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March 14 to 20, 2005
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A nice quote from the Molokai land flap mentioned last week: "The controversy is hard to explain from the Western perspective that land is something to be bought, owned and sold to make profit... [the] Hawaiian perspective is that land is to be cared for so it will care for the people. Land is not a commodity." If you could learn only one thing about Hawaiian culture and its relationship to the rest of the world, that is probably all you need to know:
Did you know that Hawaiian is the sole growing indigenous language in the U.S.? Still, there are only about 8,000 Hawaiian-language speakers right now:
Only in Hawaii - people made corned beef sushi with green rice for St. Patrick's day. I think it should be a symbol of world unity or something. Note that this type of sushi (musubi) is usually made with spam, and is quite tasty when done right:
New Tech
The first modern robotic shoe changes shape to match the terrain you're running on:
James Dyson's new vacuum cleaner's called "The Ball" - instead of pushing it back and forth, you roll it around:
The first RFID reader/writer in SD card format:
New technology allows the paralyzed to move and communicate by thinking:
Samsung launches monitors for the color blind. Why doesn't every LCD monitor have these features?
Another hydrogen fuel-cell bike prototype:
For Web developers: a new interactive way of making forms that submit automatically (this example doesn't work in Safari though):
Modern Life
Towards tolerance - "Under armed guard, a woman broke with more than a thousand years of Islamic tradition to lead men and women in a prayer service yesterday in Manhattan":
Towards fundamentalism - "IMAX theaters Reject Science Shows under Religious Pressure":
For the first time, people can visualize the characters in most of the written languages of the world at once:
More and more young kids want cell phones these days:
Here's the Firefly cell phone for kids:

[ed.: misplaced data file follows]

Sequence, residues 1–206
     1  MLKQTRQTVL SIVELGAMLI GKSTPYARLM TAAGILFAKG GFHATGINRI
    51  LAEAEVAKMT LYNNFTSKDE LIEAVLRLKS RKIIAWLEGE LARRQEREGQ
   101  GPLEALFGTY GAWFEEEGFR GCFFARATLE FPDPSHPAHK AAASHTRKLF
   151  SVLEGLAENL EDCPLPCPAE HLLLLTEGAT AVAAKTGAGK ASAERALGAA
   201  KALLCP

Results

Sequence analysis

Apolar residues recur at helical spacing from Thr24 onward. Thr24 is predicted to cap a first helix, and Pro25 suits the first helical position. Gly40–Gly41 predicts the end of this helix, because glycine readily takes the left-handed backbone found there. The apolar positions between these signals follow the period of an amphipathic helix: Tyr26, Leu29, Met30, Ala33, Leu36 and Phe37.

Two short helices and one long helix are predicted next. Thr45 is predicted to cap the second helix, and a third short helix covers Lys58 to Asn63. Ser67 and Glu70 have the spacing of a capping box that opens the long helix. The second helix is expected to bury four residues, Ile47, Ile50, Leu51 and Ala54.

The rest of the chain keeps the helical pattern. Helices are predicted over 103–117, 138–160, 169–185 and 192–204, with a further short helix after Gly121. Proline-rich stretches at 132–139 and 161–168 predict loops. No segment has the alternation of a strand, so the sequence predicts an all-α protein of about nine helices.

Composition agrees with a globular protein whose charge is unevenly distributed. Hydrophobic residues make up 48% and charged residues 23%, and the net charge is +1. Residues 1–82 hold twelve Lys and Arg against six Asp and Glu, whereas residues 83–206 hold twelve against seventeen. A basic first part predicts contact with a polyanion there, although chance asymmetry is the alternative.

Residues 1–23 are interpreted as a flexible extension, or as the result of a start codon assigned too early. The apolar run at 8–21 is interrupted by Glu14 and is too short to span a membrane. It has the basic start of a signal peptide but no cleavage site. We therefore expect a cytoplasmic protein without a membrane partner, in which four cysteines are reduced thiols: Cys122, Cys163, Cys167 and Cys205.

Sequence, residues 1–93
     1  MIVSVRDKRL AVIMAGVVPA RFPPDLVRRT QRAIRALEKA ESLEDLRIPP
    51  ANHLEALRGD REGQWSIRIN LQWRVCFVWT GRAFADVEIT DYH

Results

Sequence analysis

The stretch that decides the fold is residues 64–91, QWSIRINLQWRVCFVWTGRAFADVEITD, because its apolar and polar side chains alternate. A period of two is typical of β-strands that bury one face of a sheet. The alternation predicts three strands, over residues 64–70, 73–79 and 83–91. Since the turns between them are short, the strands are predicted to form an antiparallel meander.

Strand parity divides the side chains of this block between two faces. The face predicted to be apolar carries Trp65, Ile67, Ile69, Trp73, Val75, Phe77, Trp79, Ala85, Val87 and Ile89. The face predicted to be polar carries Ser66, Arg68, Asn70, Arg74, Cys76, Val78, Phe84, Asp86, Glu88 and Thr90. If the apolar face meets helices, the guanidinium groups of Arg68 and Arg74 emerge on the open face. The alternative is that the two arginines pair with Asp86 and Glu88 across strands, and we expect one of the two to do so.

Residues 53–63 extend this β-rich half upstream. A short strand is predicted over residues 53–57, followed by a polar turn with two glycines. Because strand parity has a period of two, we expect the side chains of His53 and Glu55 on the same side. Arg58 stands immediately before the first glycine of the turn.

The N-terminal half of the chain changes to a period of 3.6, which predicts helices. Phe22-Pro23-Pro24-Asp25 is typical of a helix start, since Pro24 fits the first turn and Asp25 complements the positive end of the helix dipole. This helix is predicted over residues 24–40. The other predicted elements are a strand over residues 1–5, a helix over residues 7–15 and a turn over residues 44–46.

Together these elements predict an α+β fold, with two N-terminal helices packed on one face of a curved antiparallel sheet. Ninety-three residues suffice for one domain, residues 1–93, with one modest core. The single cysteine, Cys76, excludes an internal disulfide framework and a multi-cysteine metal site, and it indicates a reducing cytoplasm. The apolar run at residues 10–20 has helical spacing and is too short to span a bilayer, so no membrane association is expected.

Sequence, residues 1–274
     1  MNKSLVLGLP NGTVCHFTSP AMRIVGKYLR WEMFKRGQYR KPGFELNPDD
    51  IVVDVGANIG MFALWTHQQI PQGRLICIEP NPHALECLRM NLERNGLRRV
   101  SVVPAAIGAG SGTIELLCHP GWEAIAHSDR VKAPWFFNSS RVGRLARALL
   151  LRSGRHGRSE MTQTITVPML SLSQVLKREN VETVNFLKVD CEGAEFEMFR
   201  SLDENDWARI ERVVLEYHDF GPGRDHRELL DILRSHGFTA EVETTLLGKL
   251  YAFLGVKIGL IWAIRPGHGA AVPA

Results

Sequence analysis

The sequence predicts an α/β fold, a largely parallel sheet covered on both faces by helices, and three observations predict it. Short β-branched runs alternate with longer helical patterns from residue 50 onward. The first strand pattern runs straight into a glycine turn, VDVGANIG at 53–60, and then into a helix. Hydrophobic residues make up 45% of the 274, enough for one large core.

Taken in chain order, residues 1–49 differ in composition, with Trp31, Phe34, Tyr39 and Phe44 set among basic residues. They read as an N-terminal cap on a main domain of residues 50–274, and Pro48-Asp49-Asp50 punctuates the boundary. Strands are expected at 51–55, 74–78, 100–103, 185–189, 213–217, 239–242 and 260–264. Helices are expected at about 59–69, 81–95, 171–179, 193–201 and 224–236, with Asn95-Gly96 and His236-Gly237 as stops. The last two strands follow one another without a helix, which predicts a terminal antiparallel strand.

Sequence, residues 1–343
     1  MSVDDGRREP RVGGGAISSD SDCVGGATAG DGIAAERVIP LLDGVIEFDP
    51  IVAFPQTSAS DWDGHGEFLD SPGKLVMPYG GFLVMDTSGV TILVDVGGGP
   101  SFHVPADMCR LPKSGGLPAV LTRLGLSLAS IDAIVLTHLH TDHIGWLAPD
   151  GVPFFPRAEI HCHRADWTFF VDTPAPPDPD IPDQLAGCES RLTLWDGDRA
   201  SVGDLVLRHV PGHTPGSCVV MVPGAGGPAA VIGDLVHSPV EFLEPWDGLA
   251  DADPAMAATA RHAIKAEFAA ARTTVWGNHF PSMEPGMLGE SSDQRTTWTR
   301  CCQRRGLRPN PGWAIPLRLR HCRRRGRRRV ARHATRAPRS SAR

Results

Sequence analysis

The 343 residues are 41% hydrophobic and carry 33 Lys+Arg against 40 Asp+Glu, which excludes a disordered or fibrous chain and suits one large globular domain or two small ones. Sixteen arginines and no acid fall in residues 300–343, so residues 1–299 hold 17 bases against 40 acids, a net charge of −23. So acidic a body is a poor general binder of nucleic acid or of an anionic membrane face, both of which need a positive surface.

TV shows for modern kids - this children's show features music by a hip roster of post-punk acts.
Fugazi's Ian McKaye sings about vowels in this rockin' video:
Here's the story of Simlish, the fictional language of the very popular video game "The Sims", and the people behind it:
Some songs sung in Simlish are being groomed for mainstream radio play in English, like this one:
So far over 10 million creations are under the Creative Commons license, the sensible alternative to traditional copyright restrictions:
Here's a nice summary of how your hard drive works:
"India vs America: Let the battle begin!"
Hey America - India isn't going to take the same kind of economic smackdown you gave Japan not so long ago:
Terrorism and You
How fast can mistakes travel in this digital age? Thanks to a transcriptionist's typo, a 1962 nuclear test blast called "Project Sedan" was renamed "Project Sudan", causing an international incident the day after:
Using the BlueSniper rifle, hackers were able to extract information from PDAs and cell phones from people in the U.S. Bank building in L.A. from over a mile away:
A planned device allegedly "destroys" RFID tags:
"Mount Kilimanjaro Photo Wake-Up Call for Action Against Global Warming" - in case you needed visual proof:
Here's a few more before and during pictures of other places from the BBC:
And here's photos of all those wildflowers that have been blooming in Death Valley lately:
And the story behind the "rare wildflower display":
"Mercury Pollution, Autism Link Found - U.S. Study":
Could trapped frozen natural gas under the sea be a solution to the world's energy problems?
Breast-enhancing bubble gum is popular in Japan these days:
Take a break to read the underrated poetry of Rainer Maria Rilke, "the German language's greatest poet of the 20th century". His unique style of writing translates exceptionally well:
Beautiful aquatic creatures made from hubcaps:
Shiny handmade aluminum guitars:
Use this magnetic paint to make any surface sensitive to magnetism. No idea if it's eco-friendly though:
Peep surgery - this one's a classic, still funny, and just in time for Easter:
Merge 50 photos of any given topic, and you get artful atmospheric pictures of concepts:
This photographer is doing a booming business capturing 144 megapixel photos - they're so sharp that a picture of an entire building can be used to inspect cracks:
Some artists are slicing up billboards, recombining them into new images:
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